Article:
Religion & State in Israel (Civil Judaism)

In tandem with the changing face of Israeli Arab politics in Israel might be the reconfiguration of religion and state in Israel. Composed of online newspaper clippings, this will be a running post to which I will add over time. Of interest is the possibility of a shift away from the Political Judaism and the rightwing-conservative religious semi-autonomy that has built itself up in Israel since the 1970s towards something that might be called a Civil Judaism that integrates and envelops religion into society, as opposed to vice-versa. Nothing is set. Everything is in a state of emergence. On the horizon are reforms in education, the rabbinate, kashrut licensing, conversion, civil society agendas like civil marriage and gay marriage, governmental oversight of institutional bodies, public health and welfare. At stake is the Zionist project as a “secular” phenomenon and the “Jewish character” of the State of Israel. The Haredi parties and press are referring to the new government and its evil decrees (gezeriot) as the destruction of Judaism and the institutions that they have built up over the decades.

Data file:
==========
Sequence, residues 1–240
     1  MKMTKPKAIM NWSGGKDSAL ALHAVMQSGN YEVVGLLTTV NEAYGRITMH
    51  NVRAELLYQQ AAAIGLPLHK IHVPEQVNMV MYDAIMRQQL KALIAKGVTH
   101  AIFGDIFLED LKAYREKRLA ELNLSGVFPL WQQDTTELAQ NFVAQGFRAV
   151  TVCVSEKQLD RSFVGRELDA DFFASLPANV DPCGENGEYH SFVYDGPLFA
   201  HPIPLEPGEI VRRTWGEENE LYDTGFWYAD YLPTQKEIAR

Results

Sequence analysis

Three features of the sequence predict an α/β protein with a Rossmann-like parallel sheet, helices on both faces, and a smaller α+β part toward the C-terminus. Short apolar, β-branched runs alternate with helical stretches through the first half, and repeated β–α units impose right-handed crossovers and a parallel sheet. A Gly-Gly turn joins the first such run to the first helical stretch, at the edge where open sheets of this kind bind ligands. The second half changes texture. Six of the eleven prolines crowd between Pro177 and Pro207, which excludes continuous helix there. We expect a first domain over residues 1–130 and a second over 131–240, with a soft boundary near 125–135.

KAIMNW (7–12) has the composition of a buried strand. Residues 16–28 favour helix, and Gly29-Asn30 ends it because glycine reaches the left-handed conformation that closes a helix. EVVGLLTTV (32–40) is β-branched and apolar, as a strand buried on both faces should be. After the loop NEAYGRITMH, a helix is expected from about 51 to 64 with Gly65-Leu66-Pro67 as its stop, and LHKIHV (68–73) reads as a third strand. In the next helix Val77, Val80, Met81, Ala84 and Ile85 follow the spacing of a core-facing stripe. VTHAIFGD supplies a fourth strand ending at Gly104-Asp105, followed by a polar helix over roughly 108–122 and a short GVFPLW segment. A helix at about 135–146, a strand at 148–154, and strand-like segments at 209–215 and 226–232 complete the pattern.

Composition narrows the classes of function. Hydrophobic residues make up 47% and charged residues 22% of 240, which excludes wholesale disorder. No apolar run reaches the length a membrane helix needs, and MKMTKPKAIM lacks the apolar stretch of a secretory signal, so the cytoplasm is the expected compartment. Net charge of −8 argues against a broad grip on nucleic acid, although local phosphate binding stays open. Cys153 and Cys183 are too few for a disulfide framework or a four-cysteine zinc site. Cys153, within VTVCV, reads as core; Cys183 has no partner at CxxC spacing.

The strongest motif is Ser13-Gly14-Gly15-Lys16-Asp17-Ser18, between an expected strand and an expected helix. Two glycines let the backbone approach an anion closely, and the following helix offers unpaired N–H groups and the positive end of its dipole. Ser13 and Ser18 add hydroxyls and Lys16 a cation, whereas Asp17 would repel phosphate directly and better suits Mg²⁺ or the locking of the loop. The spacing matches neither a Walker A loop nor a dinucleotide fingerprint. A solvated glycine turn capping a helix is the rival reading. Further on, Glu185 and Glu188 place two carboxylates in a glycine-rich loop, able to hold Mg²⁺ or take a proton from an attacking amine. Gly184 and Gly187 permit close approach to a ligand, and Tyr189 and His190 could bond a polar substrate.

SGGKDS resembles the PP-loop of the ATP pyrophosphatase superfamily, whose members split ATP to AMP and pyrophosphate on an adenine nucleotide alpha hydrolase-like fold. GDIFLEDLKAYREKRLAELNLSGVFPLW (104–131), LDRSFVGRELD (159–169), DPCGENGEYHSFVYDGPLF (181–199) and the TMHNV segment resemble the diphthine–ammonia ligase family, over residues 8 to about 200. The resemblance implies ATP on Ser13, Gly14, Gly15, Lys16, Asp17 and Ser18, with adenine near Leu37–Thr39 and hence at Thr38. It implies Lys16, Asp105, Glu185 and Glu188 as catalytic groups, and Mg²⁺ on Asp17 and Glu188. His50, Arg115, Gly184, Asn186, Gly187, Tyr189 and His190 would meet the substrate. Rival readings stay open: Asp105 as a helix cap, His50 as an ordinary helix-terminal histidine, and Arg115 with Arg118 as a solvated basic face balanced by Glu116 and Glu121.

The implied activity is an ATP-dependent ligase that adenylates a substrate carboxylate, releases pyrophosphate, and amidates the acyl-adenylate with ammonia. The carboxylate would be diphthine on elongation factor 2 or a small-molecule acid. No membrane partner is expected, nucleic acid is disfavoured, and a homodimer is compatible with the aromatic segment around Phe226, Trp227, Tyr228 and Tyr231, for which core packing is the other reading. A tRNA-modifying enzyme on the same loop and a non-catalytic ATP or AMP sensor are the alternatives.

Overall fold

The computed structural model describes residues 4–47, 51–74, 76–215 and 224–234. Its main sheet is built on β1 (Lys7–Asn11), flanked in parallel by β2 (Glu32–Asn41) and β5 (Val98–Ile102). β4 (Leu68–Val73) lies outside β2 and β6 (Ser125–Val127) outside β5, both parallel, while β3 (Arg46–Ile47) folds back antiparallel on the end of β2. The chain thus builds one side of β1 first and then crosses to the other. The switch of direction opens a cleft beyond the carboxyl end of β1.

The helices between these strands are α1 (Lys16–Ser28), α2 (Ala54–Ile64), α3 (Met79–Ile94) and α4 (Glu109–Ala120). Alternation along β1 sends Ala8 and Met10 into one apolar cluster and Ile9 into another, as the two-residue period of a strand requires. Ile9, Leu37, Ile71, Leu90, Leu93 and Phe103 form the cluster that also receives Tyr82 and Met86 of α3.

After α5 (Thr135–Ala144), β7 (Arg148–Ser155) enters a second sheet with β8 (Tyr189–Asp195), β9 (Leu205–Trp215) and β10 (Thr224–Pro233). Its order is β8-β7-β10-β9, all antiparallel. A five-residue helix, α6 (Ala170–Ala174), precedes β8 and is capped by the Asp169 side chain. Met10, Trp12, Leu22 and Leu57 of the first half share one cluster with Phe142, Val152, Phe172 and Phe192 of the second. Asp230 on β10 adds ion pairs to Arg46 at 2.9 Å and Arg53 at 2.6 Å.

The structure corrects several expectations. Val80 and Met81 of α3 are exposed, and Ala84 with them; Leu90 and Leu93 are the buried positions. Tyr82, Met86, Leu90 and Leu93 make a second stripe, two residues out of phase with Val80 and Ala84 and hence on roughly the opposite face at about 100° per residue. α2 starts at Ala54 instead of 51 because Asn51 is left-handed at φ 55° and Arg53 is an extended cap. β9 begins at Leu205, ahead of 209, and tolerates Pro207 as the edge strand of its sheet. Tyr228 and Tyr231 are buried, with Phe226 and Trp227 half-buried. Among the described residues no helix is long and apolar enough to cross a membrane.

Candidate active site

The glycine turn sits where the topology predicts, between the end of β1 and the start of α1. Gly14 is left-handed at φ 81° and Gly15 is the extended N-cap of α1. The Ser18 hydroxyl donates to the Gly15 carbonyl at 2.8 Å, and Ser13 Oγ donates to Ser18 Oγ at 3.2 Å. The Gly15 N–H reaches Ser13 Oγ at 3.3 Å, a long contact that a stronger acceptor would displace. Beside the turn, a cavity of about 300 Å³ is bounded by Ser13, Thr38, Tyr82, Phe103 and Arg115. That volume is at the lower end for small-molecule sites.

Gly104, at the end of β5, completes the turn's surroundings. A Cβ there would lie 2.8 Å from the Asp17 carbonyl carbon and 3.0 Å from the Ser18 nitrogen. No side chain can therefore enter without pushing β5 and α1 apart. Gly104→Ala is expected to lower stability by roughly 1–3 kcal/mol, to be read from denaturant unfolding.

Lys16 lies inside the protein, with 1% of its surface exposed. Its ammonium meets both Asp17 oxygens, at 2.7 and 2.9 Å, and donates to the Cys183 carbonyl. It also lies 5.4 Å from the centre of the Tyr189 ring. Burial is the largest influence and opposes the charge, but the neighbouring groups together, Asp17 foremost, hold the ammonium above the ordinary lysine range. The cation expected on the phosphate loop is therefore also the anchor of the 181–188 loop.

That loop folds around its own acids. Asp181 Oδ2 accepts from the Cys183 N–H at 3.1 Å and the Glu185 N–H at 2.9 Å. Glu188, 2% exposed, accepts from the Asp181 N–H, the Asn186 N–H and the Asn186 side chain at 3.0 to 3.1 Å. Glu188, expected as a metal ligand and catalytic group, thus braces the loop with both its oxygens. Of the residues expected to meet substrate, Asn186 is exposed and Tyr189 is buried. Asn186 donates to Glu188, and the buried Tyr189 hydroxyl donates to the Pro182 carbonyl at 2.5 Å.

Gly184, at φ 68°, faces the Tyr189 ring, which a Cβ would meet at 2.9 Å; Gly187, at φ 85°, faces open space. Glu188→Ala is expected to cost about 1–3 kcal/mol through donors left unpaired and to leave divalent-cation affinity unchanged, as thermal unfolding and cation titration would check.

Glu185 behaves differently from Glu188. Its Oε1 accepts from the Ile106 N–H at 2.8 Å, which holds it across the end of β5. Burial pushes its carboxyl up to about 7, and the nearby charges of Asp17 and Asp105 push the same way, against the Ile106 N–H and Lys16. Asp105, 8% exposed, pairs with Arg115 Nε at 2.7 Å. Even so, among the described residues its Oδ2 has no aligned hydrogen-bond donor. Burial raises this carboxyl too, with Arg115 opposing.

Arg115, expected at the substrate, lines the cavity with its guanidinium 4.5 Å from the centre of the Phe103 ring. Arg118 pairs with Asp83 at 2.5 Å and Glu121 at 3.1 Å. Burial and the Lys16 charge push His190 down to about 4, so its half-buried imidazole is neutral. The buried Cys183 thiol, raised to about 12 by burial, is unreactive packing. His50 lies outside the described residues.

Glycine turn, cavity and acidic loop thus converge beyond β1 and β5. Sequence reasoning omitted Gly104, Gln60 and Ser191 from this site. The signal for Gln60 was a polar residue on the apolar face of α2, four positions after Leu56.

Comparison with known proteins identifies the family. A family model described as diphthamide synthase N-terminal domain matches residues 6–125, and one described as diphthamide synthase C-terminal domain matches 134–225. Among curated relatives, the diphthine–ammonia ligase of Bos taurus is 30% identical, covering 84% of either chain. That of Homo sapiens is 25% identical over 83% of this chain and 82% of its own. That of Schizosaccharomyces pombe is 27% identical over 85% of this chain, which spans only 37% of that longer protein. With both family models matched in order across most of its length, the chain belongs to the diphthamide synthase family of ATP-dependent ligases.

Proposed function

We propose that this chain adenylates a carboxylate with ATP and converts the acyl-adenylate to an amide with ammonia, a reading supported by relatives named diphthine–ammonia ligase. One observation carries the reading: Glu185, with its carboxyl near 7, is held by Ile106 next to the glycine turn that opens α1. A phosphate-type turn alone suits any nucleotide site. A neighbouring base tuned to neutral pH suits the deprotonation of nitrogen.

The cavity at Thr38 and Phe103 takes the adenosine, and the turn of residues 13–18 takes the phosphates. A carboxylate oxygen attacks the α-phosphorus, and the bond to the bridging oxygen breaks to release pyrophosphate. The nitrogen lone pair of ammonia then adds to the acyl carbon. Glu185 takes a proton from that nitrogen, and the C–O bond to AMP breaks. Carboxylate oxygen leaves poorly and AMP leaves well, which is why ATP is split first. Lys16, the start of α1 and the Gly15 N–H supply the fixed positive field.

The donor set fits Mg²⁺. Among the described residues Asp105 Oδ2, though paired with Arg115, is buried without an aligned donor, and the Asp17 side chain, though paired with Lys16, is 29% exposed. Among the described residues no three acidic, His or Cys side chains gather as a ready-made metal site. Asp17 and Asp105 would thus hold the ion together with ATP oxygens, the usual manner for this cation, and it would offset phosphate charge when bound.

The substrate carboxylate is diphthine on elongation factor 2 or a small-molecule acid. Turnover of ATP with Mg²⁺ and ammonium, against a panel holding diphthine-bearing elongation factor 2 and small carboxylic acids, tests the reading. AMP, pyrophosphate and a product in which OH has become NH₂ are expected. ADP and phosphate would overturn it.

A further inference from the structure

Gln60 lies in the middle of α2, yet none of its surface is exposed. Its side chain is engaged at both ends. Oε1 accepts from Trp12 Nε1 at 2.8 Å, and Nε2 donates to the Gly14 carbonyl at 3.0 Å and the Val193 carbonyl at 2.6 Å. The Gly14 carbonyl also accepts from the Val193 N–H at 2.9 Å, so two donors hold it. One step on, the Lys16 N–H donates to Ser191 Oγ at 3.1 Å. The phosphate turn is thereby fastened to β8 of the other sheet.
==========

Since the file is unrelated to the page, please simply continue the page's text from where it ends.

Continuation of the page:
What reforms are on the horizon, here (English)

For Haredi rhetoric, here (Hebrew) and here (English)

Here in Hebrew.

Rabbi Gershon Edelstein, an important ultra-Orthodox rabbi in Israel weighs in here against evil decrees by a government that wants to make people less religious:

Now it is known that there is a new government, that they have the intention, and they say it openly, that they want [to issue] decrees to stop people being religious… [decrees] against the laws of the Torah, not in accordance with the laws of the Torah,” said Edelstein. “This is the plan so what do you do? What is the advice? It depends on merits! When there are merits there are no disturbances, when there are merits, the person who comes to purify themselves gets assistance,” continued the rabbi. Edelstein went on to say that ultra-Orthodox community needs to earn merit by assiduously observing the religious commandments and thereby earn divine grace to avert the decrees planned by the government.”

About zjb

Zachary Braiterman is Professor of Religion in the Department of Religion at Syracuse University. His specialization is modern Jewish thought and philosophical aesthetics.
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1 Response to Religion & State in Israel (Civil Judaism)

  1. dmf says:

    closer to home
    The Strange Afterlife of Roy Cohn with Marie Brenne

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